Skip to main content

Bovine Spongiform Encephalopathy

Volume 173: debated on Thursday 24 May 1990

The text on this page has been created from Hansard archive content, it may contain typographical errors.

To ask the Minister of Agriculture, Fisheries and Food what research and inquiries his Department is undertaking in respect of bovine spongiform encephalopathy symptoms in (a) cats, (b) mink and (c) other animals.

Following is the reply:

  • (a) The clinical symptoms of spongiform encephalopathy in cats are being recorded by veterinary clinicians to whom possible cases are presented for examination. The Ministry can provide histopathological diagnosis if requested to do so.
  • (b) Studies of the transmissibility of BSE to mink are being planned in collaboration with researchers in the USA. The clinical symptoms of the disease in mink will be recorded, should transmission occur.
  • (c) The Ministry is undertaking research into the clinicopathology of BSE. Information describing the clinical symptoms of the disease has been published.
  • To ask the Minister of Agriculture, Fisheries and Food (1) if he will take urgent steps to ban the removal of cattle brains from crania by means of a modified paint spray gun that mixes water and compressed air; and if he will make a statement;(2) if he will take urgent steps to ban the removal of cattle brains from crania by means of a high-power water jet; and if he will make a statement.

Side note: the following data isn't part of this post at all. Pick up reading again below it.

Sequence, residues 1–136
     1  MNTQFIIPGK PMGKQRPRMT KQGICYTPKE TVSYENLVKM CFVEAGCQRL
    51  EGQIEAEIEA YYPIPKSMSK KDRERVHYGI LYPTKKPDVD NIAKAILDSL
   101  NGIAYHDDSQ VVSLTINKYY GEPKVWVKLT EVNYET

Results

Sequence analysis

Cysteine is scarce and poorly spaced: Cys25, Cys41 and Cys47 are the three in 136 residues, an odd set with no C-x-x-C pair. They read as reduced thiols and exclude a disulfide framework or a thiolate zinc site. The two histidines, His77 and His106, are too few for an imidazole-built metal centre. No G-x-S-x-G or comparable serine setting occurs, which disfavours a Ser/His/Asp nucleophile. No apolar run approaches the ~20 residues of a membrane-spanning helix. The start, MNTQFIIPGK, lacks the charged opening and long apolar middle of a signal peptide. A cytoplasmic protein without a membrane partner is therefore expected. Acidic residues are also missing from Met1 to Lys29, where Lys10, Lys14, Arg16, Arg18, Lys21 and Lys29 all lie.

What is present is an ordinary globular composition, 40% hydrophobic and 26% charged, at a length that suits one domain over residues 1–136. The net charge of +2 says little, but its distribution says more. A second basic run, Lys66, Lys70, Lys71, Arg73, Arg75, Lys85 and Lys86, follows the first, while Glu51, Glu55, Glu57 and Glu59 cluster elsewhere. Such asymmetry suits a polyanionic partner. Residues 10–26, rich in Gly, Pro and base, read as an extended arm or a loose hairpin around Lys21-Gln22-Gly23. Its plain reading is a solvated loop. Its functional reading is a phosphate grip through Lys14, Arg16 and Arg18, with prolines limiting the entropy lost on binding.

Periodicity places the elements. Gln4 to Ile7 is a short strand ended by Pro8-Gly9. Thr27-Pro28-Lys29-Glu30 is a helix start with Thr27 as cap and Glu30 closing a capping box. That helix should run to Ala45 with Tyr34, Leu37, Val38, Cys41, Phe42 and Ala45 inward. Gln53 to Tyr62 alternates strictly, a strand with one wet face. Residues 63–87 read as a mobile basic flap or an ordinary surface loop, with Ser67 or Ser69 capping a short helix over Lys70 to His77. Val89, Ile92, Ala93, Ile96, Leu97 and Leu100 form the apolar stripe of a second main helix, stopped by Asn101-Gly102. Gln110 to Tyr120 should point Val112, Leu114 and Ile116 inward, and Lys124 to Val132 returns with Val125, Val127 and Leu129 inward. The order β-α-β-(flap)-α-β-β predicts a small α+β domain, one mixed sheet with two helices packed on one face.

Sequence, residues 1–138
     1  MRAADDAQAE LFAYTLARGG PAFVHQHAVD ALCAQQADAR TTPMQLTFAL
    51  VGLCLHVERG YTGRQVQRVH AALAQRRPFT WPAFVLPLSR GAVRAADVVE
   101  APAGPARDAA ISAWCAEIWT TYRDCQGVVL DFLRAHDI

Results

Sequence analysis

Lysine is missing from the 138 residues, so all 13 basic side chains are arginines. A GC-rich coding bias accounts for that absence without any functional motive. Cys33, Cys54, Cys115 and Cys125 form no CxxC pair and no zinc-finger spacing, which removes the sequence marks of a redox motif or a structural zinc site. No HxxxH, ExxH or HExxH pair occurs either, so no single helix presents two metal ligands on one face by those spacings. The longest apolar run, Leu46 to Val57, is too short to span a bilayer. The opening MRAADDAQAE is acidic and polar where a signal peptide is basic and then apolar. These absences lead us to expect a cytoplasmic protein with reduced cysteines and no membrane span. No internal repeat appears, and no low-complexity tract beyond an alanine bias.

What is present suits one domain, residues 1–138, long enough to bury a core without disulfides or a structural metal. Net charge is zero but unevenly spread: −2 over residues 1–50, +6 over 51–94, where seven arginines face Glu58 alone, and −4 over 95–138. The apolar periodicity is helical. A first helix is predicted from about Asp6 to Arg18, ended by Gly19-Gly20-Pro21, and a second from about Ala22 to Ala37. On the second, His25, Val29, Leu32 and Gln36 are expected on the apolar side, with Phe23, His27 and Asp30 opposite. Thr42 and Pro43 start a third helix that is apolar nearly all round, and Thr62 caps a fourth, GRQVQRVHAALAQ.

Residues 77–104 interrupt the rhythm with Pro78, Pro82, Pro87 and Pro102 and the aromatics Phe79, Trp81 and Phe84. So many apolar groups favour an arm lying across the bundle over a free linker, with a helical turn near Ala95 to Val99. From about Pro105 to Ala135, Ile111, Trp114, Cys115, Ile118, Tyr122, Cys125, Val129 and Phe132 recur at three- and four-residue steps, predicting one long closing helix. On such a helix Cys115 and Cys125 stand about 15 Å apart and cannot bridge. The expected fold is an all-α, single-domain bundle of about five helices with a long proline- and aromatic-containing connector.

Cattle which show signs of BSE, or are suspected of having the disease, are slaughtered and do not go for human consumption. The ban on brains and other specified offal is an ultra-precautionary measure applying to clinically healthy animals.Nevertheless, we are aware of concerns about particular methods of brain removal. Wherever possible, head meat should be removed before the skull is opened. We have conducted studies into the methods employed for removing brains where this is not feasible. These indicate that high-pressure water and/or air jets should not be used as other, more satisfactory, techniques are available. I have asked the Tyrrell committee to review our findings before guidance is issued. I shall consider whether any further action is desirable having regard to the committee's advice. In the meantime, the state veterinary service is ready to give advice if needed.

    To ask the Minister of Agriculture, Fisheries and Food if he has instigated any research into the possible connection between bovine spongiform encephalopathy and the chemical reaction between aluminium and organophosphates in the soil; and if he will make a statement.

    Epidemiological studies conducted by the Ministry have found no connection beween BSE and the use of treatments or agricultural chemicals.

    To ask the Minister of Agriculture, Fisheries and Food if he will list the manufacturers that his Department have discovered have supplied contaminated food products to farmers that could cause bovine spongiform encephalopathy in their cattle.

    Epidemiological studies have shown that the most likely cause of BSE is the feeding of ruminant rations which included material derived from scrapieinfected sheep.All such feed used prior to the ruminant feed ban must be considered as a potential vehicle for the agent which caused the disease.